Wallace (1991) proposed a reflective cycle for teacher education with the purpose of helping professionals to transform negative situations into positives ones. Similarly, Schon (1982) coined the idea of structuring reflection within an organizational system consisting of two stages: in-action (while doing something) and on-action (after doing it). Conversely, Wallace's and Schon's cycles of reflection share their understanding of using such strategy as a way to acquire reflective skills and provoke changes. However, Wallace's cycle seeks to change problematic situations into positive ones while Schon's cycle explains that through reflection, practitioners make sense of their experiences and learn from them. The previous ideas about the use of reflection in professional development are described in Table 1.
For this particular study, I manifest my affinity with the idea of reflection stated by Dewey (1910) and Freire (1970) and the way it can be structured and guided as explained by Korthagen (2005) and Schon (1982). In this sense, DOES (Gibbs, 1988; Korthagen & Vasalos, 2005; Schon, 1982; Wallace, 1991) served as a guide for student-teachers to describe a situation, analyze, evaluate and propose new alternatives for similar future challenges.
At this point, my understanding of identity as a social process built through interaction with a community allowed me to use DOES as a means to interpret the development of student-teachers at school from their own experiences. Reflection needs to be part of the daily routine not only of pre-service teachers, but also of in-service teachers (Alvarez, 2005).
The intervention of this research is an adaptation of the ALACT (see Figure 1). However, in this study DOES served as a means to initiate student-teachers' reflections guided by a question--posed by the advisor--based on observations during school visits or, in some cases, on preoccupations student-teachers encountered at school. Thus, one reflective session per week was held for thirteen weeks making a total of thirteen sessions. Each meeting lasted two hours. The settings were the university, the schools, or places near the university or the students' homes.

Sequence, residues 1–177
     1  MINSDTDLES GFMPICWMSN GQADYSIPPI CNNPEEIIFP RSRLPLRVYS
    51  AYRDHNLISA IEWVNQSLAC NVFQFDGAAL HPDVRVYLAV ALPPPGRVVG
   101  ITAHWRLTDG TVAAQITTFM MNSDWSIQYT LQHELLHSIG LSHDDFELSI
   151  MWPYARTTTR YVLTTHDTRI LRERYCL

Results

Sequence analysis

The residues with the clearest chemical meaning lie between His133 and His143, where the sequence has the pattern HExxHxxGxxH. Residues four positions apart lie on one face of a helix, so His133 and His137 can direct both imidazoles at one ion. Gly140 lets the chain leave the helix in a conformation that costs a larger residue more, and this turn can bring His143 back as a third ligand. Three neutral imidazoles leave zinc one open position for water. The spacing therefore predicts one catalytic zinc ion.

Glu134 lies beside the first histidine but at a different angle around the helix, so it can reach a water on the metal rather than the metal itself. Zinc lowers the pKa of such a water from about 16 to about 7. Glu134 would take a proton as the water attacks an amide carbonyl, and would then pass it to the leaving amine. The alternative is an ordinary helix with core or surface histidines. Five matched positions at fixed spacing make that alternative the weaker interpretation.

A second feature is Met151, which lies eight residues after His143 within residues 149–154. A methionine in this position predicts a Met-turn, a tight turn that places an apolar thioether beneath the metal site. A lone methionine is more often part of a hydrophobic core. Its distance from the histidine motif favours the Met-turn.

The following is an explanation of each phase:
First phase: Describing the situation. To initiate a dialogue through the cycle, the advisor formulated a question to encourage students to speak about previous visits to schools or experiences they endured. These questions were general and simple such as: How was your week? / Why was that child not participating in your class? Based on Freire's (1970) problem-posing approach, Wallerstein (1983) states that teachers cannot just communicate information but "assume the role of asking questions of students and of expecting students to ask questions of us" (p. 191). In addition, the same author suggests that to develop thinking skills, we start by a simple descriptive level, asking students to describe people places or events.